Diwali or Deepavali signifies deepa or lights and avali or row and hence a ‘row of lights’.It is an extravagant and lavish pageant of lights and firecrackers, worth fitting into a travel itinerary, especially if one is in Rajasthan, Delhi or Gujarat. Every home is lit up with oil lamps, in the manner that Ayodhya was lit up for the return of Lord Ram.Lakshmi puja (worship of goddess of wealth and consort of Lord Vishnu), feasting, gambling and decorating the home with rangoli, is the order of the day.In South India Diwali is a celebration of the death of demon Narakasura by Lord Krishna. Mythological demon-king Narakasura had managed to wangle out of Brahma and Shiva because of the boons he received and had grown powerfully evil. The devas or the gods requested Lord Krishna to annihilate him, which he did at Dwarka.
New Year
November 7
For the business community in northern and western India, the Hindu new year starts the day after Diwali. A special puja is performed in offices across the country and financial records begin anew on this day.

November 7
It is another festival for brothers and sisters marked by exchange of sweets and gifts.

Maha Kanda Shasti Utsavam (Across Tamil Nadu)
This festival is celebrated in the six temples or abodes of Lord Murugan — Tiruchendur (temple near Thirunelveli), Thirupparankunram (temple near Madurai), Palani hill temple (Dindigal district), Swami Malai (near Kumbakonam), Thiruthanigai (near Chennai) and Pazhamudhir Solai (near Madurai). Lengthy bouts of bursting fire-crackers, feasting, dances make this one of the largest festivals in this southern state.

Chhat Puja (Across Bihar)
November 11
This holiday is one of the biggest in the state of Bihar, and is a festival for married women. It entails worship of the sun and is also called Surya Puja. Women gather before dawn and wade waist deep in rivers across Bihar, with sweets, grain, fruit and puja paraphernalia like incense and holy water, to fete the sun. The process is repeated again in the evening. Over the years, the Chhat festivities have extended to pockets of the country, which have strong Bihari population such as Mumbai.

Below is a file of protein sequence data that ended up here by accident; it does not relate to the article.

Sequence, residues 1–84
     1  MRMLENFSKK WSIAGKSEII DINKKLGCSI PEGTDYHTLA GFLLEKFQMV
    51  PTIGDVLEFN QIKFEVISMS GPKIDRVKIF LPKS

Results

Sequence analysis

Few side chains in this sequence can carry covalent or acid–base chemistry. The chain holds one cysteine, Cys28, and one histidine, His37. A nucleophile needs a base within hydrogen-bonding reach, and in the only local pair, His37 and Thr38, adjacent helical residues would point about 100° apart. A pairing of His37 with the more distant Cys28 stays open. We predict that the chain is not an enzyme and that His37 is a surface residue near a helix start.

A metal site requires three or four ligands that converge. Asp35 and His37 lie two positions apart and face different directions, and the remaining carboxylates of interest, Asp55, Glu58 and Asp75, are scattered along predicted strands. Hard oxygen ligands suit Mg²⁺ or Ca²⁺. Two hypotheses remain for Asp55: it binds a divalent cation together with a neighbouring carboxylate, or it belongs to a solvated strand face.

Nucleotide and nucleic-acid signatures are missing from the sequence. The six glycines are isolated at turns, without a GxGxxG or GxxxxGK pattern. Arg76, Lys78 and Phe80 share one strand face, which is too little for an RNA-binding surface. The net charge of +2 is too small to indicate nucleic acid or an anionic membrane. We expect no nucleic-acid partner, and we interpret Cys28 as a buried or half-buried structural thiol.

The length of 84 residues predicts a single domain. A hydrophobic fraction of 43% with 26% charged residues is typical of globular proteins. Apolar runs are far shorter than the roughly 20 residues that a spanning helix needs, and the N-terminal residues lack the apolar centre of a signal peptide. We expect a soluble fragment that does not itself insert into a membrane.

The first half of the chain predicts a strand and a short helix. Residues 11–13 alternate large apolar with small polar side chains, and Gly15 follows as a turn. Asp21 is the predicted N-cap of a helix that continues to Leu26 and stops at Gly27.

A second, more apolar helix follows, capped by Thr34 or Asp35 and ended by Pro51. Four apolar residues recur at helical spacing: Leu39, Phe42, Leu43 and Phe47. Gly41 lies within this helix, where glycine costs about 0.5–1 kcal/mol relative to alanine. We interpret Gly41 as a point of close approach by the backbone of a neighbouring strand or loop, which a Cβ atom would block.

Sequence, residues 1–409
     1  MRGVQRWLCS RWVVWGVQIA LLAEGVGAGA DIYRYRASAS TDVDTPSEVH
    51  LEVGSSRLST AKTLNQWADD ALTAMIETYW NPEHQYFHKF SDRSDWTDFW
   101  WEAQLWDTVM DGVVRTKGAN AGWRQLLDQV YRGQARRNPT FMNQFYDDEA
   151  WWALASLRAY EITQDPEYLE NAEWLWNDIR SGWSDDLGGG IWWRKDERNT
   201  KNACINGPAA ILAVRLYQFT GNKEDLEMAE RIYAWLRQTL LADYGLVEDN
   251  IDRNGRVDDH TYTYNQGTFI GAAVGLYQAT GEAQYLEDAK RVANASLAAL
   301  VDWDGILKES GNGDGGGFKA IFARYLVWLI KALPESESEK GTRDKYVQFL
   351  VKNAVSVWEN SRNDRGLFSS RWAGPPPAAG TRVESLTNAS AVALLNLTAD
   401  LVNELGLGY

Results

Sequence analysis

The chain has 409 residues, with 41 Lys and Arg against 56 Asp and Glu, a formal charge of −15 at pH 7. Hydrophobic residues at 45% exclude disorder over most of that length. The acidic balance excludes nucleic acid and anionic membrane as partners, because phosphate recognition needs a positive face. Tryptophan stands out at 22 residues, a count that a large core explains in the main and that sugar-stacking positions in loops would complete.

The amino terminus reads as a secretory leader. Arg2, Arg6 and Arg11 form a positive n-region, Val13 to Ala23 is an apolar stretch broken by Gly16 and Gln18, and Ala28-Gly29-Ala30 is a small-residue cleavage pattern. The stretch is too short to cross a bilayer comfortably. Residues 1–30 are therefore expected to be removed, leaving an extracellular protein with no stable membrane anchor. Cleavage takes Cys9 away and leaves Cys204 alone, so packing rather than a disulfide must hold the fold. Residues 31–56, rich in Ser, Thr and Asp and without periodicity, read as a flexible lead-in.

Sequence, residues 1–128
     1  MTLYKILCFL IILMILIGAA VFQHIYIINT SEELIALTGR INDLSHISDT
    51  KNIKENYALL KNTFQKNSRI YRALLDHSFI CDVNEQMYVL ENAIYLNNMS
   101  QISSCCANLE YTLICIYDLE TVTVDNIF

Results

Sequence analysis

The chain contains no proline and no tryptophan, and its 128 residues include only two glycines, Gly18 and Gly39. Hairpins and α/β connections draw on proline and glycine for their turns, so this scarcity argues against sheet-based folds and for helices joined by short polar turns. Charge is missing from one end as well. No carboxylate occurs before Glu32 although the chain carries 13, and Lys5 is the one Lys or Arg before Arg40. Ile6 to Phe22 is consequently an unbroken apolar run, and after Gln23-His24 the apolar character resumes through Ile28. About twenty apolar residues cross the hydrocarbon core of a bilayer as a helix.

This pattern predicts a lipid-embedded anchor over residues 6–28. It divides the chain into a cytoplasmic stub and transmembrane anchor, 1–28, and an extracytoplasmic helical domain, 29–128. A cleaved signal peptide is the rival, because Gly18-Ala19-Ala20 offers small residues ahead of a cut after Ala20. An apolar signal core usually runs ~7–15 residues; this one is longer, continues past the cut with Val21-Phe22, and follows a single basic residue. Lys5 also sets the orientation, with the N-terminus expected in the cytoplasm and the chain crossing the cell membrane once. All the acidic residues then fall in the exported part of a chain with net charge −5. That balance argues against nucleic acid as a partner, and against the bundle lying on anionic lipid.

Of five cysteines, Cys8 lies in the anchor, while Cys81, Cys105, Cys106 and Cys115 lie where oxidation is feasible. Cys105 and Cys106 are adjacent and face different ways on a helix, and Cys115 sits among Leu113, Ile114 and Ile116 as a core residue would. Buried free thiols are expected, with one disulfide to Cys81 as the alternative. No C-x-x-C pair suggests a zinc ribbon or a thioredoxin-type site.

A cultural extravaganza!
Pushkar Camel Fair (Pushkar, Rajasthan)

November 13 to November 21
Held in Rajasthan, Pushkar is India’s most famous camel fair and coincides with Kartik Purnima or a special full moon. Thousands congregate for this colourful mela, traders and tourists alike. It is an occasion for much singing and dancing, folk style. Camel races, handicraft bazaars, fireworks are the order of the day. Special tent facilities are provided for tourists.

Children’s Day
November 14
The birth anniversary of Jawaharlal Nehru and India’s first prime minister is celebrated across the country’s schools because of his love for children. In New Delhi, there is a special fair for children at the India Gate and programmes are organised at the Dolls Museum, Bal Bhavan and at Teen Murti Bhavan, Nehru’s home.

Garhwal Festival (Uttarkashi, Uttarakhand)
It is a cultural affair that toasts the culture of the Garhwal hill people, held at Uttarkashi. Celebrate with these simple people living in the lap of the Himalayas as they sing and dance their blues away.

Lucknow Festival (Lucknow, Uttar Pradesh)
Late November
A fortnight of cultural events, food festivals and handicraft bazaars that highlight the splendour of Lucknow, this festival is organised by Uttar Pradesh Tourism. Also witness and participate in traditional village games, kite flying, cock-fighting matches through the fortnight.

Ganga Mahotsav, Guru Nanak Jayanti and more
Ganga Mahotsav (Benaras, Uttar Pradesh)

November 17-November 21
This is a time for festivity along the banks of the Ganga in Banaras or Varanasi, the city said to be ‘perched on the edge of time’. While it continues to be an auspicious festival, the Ganga Mahotsav is a great symbol of cultural melting pot with people from various classes, castes, religions and nationalities come together to worship the Ganges.The high point of the festival are the evenings when earthen lamps on lotus leaves are set afloat on the river.

Guru Nanak Jayanti
November 21
This is the biggest day for the Sikh community in India. On this day saint Guru Nanak was born. The festival is celebrated by taking out processions and prayer readings from the sacred granth or holy book. Amritsar is a special place to be on this day.

Sikkimese New Year (Sikkim)
Late November-Early December
Celebrating end of the harvest season, the Sikkimese New Year or Losoong begins each year in the tenth month of the Tibetan calendar. Religious festivities, exuberant celebrations and dances with people dressed as gods are part of the celebrations.Places to be in Sikkim during this time of the year include the monasteries at Tsuklakhang Palace, Phodong and Rumtek Monastery.